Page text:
With just a year more to go as country holds its next General Elections to elect the new parliament, a dialogue on electoral reforms took place in federal capital Islamabad on January 3, 2017.

Organized by Democracy International Reporting an organisation working to promote political participation of citizens and the development of democratic institutions worldwide, the event invited parliamentarians from both sides of the aisle and civil society representatives who spoke on electoral reforms .

The event which was chaired by Honourable Chairman Senate, Mian Raza Rabbani, began with the interim analysis of the Draft Elections Bill 2017 presented by DRI Country Representative in Pakistan, by Hassan Nasir Mirbahar. He emphasised that prompt passage of the Draft Elections Bill, 2017 is essential to allow sufficient time for its implementation. He also recognised the Committee’s initiatives of soliciting input from general public and key stakeholders that will enhance the transparency of the process.

Following Mr. Hassan Nasir’s presentation, country’s renowned human rights activist, who was representing Pakistan’s civil society at the event, Mr. I.A Rehman spoke to the audience where he welcomed the PCER’s initiative. I.A Rehman stated that these reforms were the need of time which should have been made long ago. He further raised up the issues related to women and religious minorities of Pakistan that the way of indirectly electing women and religious minorities is undemocratic and in the past, both women and non-Muslims have faced difficulties in casting their votes. He also specifically pointed out the flaws of having current 2002 joint electorate that isolates one specific religious community of Pakistan. He talked about ending all discriminatory clauses which were prerequisite for free and fair elections.

Representing, Free and Fair Election Network’s (FAFEN) Rashid Chaudhary, said that despite the laudable efforts of the PCER, ECP rules for elections will require government approval under the draft bill, which may undermine the ECP’s independence and the credibility of elections in Pakistan.

A question answer, suggestion session later followed where parliamentarians, members of provincial assemblies from all mainstream political parties of Pakistan raised their concerns and feedback. Awami Worker’s Party Senator Afrasiab Khattak opened up the session followed by which, Muttahida Qaumi Movement’s Member of Provincial Assembly, Faisal Sabzwari presented his views. He stated that fair delimitations were a prerequisite for elections and also pointed out how Sindh, the province that he was representing, is the only province that still uses quota system among its rural and urban population. Nasrullah Khan Zayray, MPA, Balochistan assembly raised up the issues of Pashtun population in the parliament pointing out that despite having a population of around 5 million in the country’s biggest city Karachi, there is no such representation of Pashtun people in Sindh Assembly. MPA Meraj Humayun Khan suggested increasing women representation in the parliament by 10% while Nusrat Abbasi suggested forming a new staff solely for the purpose of looking after elections process on Election Day instead of using services of school teachers. Representatives belonging to Jamat-e-Islami talked about eradicating feudal system if Pakistanis want to move forward with consistent and sustainable democracy. Another MPA from KPK proposed making ECP entirely independent in case the country wishes to see free and fair elections. An MNA belonging to Pakistan People’s Party talked about how women, despite being 54% of the country’s population are given just 5% representation in the parliament, something she referred to as “sheer injustice”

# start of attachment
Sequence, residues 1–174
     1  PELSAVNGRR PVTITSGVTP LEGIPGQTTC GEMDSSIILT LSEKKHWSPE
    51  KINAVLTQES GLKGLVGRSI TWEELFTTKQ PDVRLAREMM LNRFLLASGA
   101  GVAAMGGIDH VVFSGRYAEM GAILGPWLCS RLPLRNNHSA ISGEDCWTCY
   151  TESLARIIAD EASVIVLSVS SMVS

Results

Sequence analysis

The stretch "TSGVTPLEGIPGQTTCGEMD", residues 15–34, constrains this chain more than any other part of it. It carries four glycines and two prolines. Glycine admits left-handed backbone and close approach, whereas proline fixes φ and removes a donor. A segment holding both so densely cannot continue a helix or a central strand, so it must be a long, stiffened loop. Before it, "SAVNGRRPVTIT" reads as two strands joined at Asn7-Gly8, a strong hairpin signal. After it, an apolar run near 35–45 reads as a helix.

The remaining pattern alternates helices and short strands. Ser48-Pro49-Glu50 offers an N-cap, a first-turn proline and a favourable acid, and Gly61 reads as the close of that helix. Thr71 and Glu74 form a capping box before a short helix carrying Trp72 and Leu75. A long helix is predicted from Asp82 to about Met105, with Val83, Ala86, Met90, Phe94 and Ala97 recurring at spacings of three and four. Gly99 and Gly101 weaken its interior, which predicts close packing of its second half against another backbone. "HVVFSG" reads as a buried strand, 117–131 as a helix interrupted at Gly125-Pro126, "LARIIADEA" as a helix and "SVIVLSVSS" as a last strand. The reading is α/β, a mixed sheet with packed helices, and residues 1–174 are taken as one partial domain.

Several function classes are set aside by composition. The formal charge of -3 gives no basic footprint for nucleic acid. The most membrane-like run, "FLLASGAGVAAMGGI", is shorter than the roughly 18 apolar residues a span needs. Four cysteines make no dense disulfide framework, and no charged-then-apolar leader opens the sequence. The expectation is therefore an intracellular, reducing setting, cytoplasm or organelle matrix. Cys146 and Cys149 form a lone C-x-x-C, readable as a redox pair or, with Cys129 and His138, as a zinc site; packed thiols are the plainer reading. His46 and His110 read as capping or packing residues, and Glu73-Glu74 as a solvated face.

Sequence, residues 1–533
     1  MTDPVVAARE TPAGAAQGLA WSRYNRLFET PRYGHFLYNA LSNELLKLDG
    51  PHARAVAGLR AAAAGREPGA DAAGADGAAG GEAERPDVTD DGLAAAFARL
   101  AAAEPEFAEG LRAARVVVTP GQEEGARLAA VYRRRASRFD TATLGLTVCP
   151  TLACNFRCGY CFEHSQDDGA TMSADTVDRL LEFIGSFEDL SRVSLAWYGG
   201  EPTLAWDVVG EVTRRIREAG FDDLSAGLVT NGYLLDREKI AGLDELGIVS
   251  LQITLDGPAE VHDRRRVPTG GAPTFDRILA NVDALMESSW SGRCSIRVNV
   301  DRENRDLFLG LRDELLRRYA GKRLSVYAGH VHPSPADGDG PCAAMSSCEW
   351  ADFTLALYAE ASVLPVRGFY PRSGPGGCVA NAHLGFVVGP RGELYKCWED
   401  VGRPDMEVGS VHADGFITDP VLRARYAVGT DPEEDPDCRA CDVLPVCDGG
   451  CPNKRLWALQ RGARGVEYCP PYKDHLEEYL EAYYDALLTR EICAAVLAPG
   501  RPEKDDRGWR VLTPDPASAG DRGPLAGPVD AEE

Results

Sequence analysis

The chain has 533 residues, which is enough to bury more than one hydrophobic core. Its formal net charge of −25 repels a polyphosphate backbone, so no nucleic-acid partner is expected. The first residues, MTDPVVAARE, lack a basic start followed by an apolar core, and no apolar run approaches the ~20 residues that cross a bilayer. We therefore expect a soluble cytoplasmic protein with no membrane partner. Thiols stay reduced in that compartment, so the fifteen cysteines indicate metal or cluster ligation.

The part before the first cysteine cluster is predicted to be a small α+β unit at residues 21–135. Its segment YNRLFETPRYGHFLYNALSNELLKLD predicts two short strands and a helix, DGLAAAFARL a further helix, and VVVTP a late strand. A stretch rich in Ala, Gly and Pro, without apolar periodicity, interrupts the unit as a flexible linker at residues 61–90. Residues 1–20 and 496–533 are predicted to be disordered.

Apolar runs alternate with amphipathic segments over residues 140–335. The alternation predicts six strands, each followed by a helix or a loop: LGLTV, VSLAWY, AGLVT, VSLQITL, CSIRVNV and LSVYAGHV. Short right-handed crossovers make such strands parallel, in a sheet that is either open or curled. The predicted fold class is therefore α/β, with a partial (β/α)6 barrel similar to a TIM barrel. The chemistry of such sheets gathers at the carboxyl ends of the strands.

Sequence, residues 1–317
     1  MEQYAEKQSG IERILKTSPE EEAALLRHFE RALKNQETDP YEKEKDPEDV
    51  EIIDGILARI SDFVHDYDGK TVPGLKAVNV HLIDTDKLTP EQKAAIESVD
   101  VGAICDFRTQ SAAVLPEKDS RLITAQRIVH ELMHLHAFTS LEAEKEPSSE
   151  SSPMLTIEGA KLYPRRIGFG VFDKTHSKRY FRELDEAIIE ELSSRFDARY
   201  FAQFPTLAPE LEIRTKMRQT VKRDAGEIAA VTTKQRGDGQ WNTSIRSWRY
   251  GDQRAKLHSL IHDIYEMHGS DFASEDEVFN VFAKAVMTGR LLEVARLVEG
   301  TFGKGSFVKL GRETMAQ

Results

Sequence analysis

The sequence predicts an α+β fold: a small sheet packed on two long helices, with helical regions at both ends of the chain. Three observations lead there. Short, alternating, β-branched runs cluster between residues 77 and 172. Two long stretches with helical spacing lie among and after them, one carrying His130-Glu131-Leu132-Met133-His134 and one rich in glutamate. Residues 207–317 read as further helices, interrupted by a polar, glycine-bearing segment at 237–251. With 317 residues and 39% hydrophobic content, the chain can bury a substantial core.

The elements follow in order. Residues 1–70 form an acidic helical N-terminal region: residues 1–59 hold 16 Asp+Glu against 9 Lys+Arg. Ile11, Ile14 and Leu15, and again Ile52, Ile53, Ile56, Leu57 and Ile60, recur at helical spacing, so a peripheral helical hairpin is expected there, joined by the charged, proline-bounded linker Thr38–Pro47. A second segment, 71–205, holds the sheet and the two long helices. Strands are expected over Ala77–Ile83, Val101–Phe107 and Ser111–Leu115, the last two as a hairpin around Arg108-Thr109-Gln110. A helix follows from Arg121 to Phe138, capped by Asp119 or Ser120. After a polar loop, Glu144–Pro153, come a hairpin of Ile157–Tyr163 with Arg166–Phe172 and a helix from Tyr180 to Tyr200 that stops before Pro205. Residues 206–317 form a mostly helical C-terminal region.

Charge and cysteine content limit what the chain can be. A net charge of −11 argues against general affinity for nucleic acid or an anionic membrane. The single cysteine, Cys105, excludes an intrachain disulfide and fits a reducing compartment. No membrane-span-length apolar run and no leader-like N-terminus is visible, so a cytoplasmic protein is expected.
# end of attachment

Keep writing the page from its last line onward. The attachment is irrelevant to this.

The Question Answer session was closed by Dr. Ramesh Kumar of Pakistan Muslim League (N) who talked about some important issues. While talking to audience Mr. Ramesh Kumar stated:

“I have objection to this term minority. We are not minorities but equal citizens of Pakistan. If you want to address non-Muslim population of Pakistan you can call us “non-Muslims” but don’t refer to as “minorities” because we are equal Pakistanis and I am proud to be a Pakistani Hindu.”

Finally, the honourable Chairman Senate, Mian Raza Rabbani, spoke to the audience who commended DRI’s effort in bringing stakeholders including parliamentarians, civil society and media together to discuss the crucial and long-awaited electoral reforms as well as its presentation of the first publicized interim analysis of the bill. He said that electoral reforms are crucial ahead of 2018 general elections. He added that the Election Commission of Pakistan (ECP) needs to assert its role in managing and conducting elections.